Map Your Way to Market Success
To successfully enter a new market, you need to understand the complex, competitive, and constantly changing market dynamics. It isn’t easy, as while there is a lot of data available, you need to uncover and decipher the right information. Market Maps are the perfect solution!
Mapping provides valuable insights
Market Maps provide the framework to collect the necessary data and conduct the analysis. Market Maps come in many different types (competitive, value, product, technology, positioning, partnerships & acquisition, etc.). The type of map you build is based on the questions you need answered. The key is to remember that you are analyzing the current competitors that play in and around your space to identify ways you can be more competitive. The completed map allows you to zoom in to view a specific competitor and to zoom out to determine ways to increase your competitiveness and create a Go-to-Market strategy.
Determine Customer/Product/Market Fit
One of the primary reasons company fail to get traction in a new market is the product isn’t the right fit for customers in the market. Market Maps solve this problem down to the feature level of products. Customers buy benefits to solve needs, and benefits come from features that were developed to satisfy the needs for a specific stakeholder. Those same features can then be positioned differently and can be compared against alternatives to develop a value proposition.
One of the most powerful frameworks we use to demonstrate how products fit with customers and how the product fits with the market. Most often we start by examining the product features demanded by customers and the market.
Be more competitive
Since the goal is to drive competitive thinking, we create a Market Map that includes current and future competitors. A Market Map gives you a Birdseye view of the ecosystem and competitors. The left-hand side of the map supports a feature hierarchy that will later be used to map companies that operate in this space. What you map is entirely based on what you are hoping to learn about the market. If we are interested in how to position the product, we look at how features are bundled and the added benefits from the bundle, which set of needs, are satisfied for a stakeholder group. If we are interested in technology we look at the underlying technology of each feature or set of features. The construction of the map is driven by the question or questions under review.
Enter complex USA markets
Recently, Rocket Market Development helped a European-based company map the market for business software to identify opportunities and overcome obstacles. While they had many large corporate clients in Europe, they were struggling to penetrate the lucrative USA market.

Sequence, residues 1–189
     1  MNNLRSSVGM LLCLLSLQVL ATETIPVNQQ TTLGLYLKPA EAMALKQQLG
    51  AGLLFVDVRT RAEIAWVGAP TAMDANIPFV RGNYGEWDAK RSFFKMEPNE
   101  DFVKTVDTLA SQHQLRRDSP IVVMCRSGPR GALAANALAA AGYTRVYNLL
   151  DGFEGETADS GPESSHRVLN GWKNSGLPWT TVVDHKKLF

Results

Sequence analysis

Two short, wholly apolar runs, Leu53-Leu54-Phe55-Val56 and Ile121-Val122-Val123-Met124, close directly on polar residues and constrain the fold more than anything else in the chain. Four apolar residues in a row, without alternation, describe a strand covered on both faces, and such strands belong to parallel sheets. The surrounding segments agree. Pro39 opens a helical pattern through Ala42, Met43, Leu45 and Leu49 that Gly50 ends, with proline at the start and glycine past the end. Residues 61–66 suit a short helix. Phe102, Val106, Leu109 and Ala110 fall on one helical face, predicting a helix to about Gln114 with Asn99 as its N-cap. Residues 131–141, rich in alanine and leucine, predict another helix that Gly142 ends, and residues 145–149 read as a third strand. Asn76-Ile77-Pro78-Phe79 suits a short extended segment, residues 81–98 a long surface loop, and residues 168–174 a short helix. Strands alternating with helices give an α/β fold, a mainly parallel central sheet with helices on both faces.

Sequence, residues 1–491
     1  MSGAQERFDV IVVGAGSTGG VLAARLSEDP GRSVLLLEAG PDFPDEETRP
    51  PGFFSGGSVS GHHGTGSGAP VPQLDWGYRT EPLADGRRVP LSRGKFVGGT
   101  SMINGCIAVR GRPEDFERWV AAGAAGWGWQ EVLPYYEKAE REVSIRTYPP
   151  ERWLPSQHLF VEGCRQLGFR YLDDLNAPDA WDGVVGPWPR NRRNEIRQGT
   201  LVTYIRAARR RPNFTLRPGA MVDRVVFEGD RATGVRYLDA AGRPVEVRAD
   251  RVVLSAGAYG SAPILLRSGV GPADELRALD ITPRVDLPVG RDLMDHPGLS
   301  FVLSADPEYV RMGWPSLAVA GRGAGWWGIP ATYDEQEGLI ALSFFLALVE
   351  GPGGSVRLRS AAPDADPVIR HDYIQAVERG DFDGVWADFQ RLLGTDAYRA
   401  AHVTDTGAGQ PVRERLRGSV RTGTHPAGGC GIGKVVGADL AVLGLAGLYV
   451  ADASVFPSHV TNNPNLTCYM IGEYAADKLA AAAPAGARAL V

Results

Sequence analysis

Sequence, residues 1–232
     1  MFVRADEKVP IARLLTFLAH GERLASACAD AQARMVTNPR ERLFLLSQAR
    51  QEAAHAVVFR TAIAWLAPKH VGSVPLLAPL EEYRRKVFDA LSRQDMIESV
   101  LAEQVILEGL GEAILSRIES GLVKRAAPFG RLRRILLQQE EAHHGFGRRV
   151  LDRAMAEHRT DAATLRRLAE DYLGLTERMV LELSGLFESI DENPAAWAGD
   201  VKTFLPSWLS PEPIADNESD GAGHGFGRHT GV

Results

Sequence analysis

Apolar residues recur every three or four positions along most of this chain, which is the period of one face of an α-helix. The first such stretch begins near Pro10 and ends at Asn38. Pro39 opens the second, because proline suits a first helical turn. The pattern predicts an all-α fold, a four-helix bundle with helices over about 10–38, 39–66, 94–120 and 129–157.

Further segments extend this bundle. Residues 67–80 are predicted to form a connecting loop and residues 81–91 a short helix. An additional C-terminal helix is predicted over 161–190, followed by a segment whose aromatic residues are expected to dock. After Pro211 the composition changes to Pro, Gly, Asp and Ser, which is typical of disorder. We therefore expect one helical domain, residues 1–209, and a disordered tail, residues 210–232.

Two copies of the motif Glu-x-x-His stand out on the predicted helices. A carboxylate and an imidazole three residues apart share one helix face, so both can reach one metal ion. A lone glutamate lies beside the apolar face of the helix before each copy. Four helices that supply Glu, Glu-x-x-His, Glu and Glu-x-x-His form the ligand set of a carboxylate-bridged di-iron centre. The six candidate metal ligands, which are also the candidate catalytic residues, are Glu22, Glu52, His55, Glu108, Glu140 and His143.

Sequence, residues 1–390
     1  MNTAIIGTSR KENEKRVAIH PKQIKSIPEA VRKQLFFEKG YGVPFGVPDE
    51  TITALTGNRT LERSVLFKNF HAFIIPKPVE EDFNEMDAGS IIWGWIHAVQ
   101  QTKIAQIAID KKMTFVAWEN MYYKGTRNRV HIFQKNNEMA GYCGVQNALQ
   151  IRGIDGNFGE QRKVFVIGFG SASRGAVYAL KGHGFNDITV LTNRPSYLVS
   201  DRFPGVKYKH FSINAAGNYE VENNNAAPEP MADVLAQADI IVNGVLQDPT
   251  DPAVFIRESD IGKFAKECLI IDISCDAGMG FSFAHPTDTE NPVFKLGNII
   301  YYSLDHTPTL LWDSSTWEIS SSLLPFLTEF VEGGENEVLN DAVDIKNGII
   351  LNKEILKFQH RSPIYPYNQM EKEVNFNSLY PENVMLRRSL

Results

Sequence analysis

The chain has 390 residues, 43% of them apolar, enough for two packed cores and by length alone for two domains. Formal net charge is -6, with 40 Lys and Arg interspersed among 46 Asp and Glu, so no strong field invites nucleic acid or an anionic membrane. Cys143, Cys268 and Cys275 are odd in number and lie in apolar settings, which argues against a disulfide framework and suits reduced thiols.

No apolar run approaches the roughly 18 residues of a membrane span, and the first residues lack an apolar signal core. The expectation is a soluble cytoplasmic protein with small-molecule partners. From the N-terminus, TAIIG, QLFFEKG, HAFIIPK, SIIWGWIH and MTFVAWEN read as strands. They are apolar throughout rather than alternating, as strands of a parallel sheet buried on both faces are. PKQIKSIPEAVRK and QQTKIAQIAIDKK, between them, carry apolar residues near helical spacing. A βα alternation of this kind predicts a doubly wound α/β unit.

We built a Market Map that primarily focused on product positioning. A dozen or so companies’ product features were evaluated. The output for this type of analysis is best shown graphically (see chart below). Must-haves are defined as what the market has come to expect from these types of offerings. We develop the must-have list either through frequency analysis (how many other products have these features) or through primary customer research (what do customers expect and value). To the left are additional features that others are using to differentiate themselves and can become an opportunity for any company.
The initial analysis showed that our client had built the right product, so why weren’t they successful selling. Interestingly, after some competitor intelligence we determined that others in the space weren’t that successful either. When we took the map out to potential customers we found something very interesting in the maturity of the market and how companies were positioning their offerings. Using the Market Map as our guide, we interviewed IT and end-users and found out where everyone was missing the mark.
Market Maps are a versatile tool
Market Maps are a highly productive way to collect and categorize competitor information. In our consulting work we have found that the construction of the market map provides insight to the market that our client’s rarely see. The map’s many uses provides another important benefit and that is the audit of intelligence and knowing where data came from and having the support to know why decisions were made. The ability to go back and update the Market Map makes it a versatile and dynamic tool that every CEO who wants to be more competitive should require.